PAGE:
I recently won these short story collections via the #coffinhop blog contest and a Kamvison book giveaway.
House of Fear from Kamvison
M is for Monster from Ash Krafton
And PULP! Summer/Fall 2011 and other #coffinhop goodies from Julie Jansen
All wonderful books, and to do the giveaway and the fine people above justice I thought I would do a thorough review of the books. I will try write up a short review of each story, trying my best not to spoil them. I will do 3-4 stories of each book per post. I've also included website details of the writers where I could find them. I will also be posting the reviews on Goodreads (If you're one of the writers involved and I didn't link you, please let me know and I will).
House of Fear:
Objects in Dreams may be Closer than they Appear by Lisa Tuttle:
A case of sometimes it's best not to let your curiosity get the better of you, it could have been a bit tighter, but an interesting tale none the less.
Pied-A-Terre by Stephen Volk
I think Stephen did a great job of writing from a female perspective, and it might make you even more weary when next you go house hunting.
In the Absence of Murdock by Terry Lamsley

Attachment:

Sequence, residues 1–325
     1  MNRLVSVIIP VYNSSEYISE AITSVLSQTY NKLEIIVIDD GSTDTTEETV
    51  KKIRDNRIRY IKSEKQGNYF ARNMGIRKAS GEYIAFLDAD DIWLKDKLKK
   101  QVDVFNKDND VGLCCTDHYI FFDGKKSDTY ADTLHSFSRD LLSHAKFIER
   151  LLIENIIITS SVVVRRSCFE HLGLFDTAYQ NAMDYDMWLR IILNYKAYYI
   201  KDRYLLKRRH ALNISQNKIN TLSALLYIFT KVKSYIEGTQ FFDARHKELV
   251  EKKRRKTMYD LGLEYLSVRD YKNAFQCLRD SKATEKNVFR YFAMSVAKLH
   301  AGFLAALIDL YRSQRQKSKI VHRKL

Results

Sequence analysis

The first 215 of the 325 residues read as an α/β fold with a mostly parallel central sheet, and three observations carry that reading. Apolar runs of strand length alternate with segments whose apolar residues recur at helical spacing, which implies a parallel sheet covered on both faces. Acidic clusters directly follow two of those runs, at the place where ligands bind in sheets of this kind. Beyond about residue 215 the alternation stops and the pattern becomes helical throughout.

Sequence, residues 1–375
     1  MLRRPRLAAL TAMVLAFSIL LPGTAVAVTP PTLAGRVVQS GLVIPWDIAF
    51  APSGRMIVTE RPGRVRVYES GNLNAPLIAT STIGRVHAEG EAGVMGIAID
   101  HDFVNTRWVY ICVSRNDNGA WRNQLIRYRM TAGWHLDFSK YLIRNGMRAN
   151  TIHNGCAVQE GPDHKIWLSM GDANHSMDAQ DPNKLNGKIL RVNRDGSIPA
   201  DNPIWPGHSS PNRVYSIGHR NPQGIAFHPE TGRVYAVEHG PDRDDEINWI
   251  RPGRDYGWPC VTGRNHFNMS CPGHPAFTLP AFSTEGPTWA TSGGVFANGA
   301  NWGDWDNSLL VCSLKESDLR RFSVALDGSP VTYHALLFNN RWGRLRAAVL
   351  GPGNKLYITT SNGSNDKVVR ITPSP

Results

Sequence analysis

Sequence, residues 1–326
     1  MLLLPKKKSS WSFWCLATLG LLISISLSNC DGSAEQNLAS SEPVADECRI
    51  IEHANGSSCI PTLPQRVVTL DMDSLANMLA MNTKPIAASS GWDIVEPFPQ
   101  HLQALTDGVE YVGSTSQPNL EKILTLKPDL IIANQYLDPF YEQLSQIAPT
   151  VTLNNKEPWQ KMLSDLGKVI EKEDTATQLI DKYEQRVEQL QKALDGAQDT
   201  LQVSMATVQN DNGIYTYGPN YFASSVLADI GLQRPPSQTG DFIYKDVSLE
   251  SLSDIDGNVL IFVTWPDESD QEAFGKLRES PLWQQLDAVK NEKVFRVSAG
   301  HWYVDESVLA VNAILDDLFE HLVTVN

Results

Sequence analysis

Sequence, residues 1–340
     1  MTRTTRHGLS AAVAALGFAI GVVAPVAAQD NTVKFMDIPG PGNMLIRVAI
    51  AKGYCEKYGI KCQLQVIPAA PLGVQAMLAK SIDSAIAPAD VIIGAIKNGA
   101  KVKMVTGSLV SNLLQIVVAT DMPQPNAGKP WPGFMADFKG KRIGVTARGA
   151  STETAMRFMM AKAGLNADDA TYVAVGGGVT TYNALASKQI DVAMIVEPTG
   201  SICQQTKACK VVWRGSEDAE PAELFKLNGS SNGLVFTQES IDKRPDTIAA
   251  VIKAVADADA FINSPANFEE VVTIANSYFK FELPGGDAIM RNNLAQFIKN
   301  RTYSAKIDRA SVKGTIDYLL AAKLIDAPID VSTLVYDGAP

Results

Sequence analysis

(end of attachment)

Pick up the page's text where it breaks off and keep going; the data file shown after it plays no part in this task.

Terry has a very old fashioned feel to his writing and checking out his books on Goodreads he's quite the master of the short story. I think lovers of pulp fiction will enjoy this one.
Florrie by Adam L. G. Nevill
As much I liked the other ones so far, I liked this one the most, the transition the story makes from beginning to end is quite remarkable. It will certainly make you think about who lived in a house previously to you.
M is for Monster
(a collection of stories from A to Z, each letter representing a monster)
A by Ash Krafton
A fine little tale that shows you that nature has more ways to fight back than you realize.
B by Andrew Taylor
This story was quite predictable, but nicely written and it's not often you see a banshee is it?
C by D.M. Youngquist
I enjoyed this story quite a lot. A solider on the frontline discovers his family tree is more complicated than he thought and takes on a God...
PULP! Summer/Fall 2011
A Stranger in Ferrview by Frank R Sjodin
With a mysterious space monster and a space hero called into take it down you can really feel the sense of excitement and wonder in this story(told from a young boy's perspective), even thought it was recently written I think it would fit perfectly into a Golden Age Sci-Fi collection.
The Man in the Barn by D.L. Chance
Story has a Men in Black feel to it, but in a good way. It's sort of one of those stories where an alien race warns us that we are on the wrong path, but it has enough of a twist to make it interesting and enjoyable.
Darmok and the Mermaids of the Sea by Ethan Nahte
A hero with strange abilities that can take on pretty much anyone plus the allure of scantly clad women.. There were no surprises in this story, but finely written and a must for sword and sorcery readers.